In some parts of Australia, mine air cooling may not be needed until a depth of 1300 m below surface is reached. In other locations, it may be essential at a depth of only 300 m below surface. The reasons for these differences are multifaceted. This paper discusses the main factors and describes a simple method to assess whether or not mine air cooling will be required. The method uses a graphical relationship that considers depth below surface, geothermal gradient, surface climatic conditions and directness of the mine intake routes. This relationship has been developed, tested and refined over a period of more than ten years using data collected from most of Australia’s deeper metalliferous mines. The method provides a ‘first-pass’ indication of whether more detailed cooling studies may be needed. Perhaps more importantly, the method’s underpinning by benchmarking against other mines improves confidence in the assessment results. Like any empirical method, the context must be understood and this aspect is also discussed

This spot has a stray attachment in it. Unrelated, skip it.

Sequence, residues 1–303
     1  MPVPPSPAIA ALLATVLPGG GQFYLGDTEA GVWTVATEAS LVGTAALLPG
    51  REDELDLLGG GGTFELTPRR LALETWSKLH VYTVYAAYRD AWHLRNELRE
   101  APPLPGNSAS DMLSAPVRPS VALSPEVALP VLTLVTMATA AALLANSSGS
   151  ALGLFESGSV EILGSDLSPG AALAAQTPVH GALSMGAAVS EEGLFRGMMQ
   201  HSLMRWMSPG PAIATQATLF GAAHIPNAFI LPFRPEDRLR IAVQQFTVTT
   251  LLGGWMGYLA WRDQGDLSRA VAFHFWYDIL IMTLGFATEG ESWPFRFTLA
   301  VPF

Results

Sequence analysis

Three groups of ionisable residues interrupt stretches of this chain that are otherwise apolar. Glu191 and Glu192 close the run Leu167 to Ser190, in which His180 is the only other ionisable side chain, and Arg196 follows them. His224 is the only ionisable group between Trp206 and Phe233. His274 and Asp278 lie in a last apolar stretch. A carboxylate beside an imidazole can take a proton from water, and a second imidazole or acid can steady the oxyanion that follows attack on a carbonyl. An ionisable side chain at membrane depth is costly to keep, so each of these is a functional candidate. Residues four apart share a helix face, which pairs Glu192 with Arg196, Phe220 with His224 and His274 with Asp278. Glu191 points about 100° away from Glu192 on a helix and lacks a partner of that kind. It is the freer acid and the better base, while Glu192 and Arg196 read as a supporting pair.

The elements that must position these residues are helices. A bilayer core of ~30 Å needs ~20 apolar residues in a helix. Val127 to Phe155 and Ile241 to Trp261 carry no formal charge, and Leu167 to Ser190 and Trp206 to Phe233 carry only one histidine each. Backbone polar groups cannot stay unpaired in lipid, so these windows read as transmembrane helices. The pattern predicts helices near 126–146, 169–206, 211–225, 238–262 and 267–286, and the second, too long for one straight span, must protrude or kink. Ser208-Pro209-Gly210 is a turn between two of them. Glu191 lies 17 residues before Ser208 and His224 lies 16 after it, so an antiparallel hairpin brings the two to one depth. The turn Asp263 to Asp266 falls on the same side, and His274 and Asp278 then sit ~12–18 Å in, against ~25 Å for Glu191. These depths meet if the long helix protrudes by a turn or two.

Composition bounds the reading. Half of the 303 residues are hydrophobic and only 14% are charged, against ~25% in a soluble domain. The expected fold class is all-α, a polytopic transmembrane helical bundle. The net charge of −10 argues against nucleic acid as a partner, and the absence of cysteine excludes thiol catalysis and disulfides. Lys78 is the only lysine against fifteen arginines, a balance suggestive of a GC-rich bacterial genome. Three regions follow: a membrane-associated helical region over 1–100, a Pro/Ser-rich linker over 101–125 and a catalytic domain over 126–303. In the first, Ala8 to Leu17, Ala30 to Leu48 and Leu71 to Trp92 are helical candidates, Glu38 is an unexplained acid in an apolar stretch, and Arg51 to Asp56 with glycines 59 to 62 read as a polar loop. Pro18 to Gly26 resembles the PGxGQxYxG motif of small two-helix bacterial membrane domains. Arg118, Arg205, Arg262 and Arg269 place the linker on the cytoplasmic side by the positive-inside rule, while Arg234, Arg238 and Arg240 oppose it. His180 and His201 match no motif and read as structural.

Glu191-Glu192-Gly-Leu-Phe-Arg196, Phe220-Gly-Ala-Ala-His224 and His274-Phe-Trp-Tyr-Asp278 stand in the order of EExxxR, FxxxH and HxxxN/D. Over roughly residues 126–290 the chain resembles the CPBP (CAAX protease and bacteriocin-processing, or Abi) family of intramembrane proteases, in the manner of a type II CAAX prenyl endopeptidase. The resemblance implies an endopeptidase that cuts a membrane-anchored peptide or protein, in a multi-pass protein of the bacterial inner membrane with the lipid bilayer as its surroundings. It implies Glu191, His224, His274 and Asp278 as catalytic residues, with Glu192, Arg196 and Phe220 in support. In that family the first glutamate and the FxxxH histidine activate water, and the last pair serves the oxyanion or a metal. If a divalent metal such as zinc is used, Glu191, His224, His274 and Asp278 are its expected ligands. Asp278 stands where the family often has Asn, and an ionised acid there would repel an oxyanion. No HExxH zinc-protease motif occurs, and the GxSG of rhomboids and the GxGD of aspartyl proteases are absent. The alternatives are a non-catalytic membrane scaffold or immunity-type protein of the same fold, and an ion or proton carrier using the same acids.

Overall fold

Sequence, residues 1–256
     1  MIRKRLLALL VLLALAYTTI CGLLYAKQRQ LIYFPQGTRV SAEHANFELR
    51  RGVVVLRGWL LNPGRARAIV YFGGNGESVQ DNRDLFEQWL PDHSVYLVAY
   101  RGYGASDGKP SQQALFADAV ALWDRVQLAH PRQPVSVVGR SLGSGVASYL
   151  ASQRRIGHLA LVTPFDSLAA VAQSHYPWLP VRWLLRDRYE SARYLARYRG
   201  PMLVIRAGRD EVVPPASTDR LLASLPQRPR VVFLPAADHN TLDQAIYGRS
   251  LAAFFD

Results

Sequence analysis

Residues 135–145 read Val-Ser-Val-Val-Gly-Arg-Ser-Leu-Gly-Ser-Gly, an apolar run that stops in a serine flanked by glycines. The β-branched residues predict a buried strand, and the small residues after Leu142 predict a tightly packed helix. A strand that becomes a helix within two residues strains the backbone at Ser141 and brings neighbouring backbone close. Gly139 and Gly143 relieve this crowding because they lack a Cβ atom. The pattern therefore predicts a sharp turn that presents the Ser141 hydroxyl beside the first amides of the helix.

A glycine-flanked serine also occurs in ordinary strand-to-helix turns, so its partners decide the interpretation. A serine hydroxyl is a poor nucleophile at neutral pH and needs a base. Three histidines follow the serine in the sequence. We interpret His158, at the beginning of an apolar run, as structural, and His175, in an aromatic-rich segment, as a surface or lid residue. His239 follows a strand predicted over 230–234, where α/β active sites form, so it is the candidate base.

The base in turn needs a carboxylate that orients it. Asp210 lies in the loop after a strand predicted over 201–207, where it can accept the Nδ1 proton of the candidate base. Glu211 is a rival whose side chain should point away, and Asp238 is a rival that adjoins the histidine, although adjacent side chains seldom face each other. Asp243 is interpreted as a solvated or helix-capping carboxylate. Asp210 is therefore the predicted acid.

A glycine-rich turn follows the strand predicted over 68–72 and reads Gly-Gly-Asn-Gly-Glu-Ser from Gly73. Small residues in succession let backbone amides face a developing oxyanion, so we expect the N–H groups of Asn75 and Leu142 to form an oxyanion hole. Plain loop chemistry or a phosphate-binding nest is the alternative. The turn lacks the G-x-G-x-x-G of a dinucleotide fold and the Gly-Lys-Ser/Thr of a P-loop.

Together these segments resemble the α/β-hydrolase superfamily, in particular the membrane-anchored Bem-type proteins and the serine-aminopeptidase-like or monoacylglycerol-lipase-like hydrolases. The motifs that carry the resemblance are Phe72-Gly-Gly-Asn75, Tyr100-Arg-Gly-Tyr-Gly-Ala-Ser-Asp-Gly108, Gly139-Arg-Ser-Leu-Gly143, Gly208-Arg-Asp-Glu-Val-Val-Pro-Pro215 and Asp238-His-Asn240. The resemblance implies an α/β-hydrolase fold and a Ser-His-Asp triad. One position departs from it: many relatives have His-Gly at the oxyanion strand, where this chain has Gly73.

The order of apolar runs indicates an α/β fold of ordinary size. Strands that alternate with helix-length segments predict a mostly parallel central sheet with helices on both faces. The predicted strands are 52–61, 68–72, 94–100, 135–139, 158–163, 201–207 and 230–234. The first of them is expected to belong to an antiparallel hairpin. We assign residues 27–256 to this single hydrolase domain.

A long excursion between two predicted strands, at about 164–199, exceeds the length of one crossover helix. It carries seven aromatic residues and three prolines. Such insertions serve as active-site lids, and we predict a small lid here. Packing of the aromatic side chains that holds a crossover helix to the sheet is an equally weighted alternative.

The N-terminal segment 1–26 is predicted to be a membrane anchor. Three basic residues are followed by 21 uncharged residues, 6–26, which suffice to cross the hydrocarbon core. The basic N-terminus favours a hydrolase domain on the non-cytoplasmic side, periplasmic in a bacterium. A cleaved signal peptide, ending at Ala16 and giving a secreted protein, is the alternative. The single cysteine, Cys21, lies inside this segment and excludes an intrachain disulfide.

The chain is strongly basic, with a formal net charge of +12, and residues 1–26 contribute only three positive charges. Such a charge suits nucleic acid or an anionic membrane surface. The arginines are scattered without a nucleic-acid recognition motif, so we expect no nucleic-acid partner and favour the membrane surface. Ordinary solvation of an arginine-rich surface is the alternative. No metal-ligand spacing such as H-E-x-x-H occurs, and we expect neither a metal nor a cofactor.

Derrington, A S, 2014. Will your mine require cooling?, in
Proceedings 12th AusIMM Underground Operators’ Conference 2014 , pp 181–186 (The Australasian Institute of Mining and Metallurgy: Melbourne).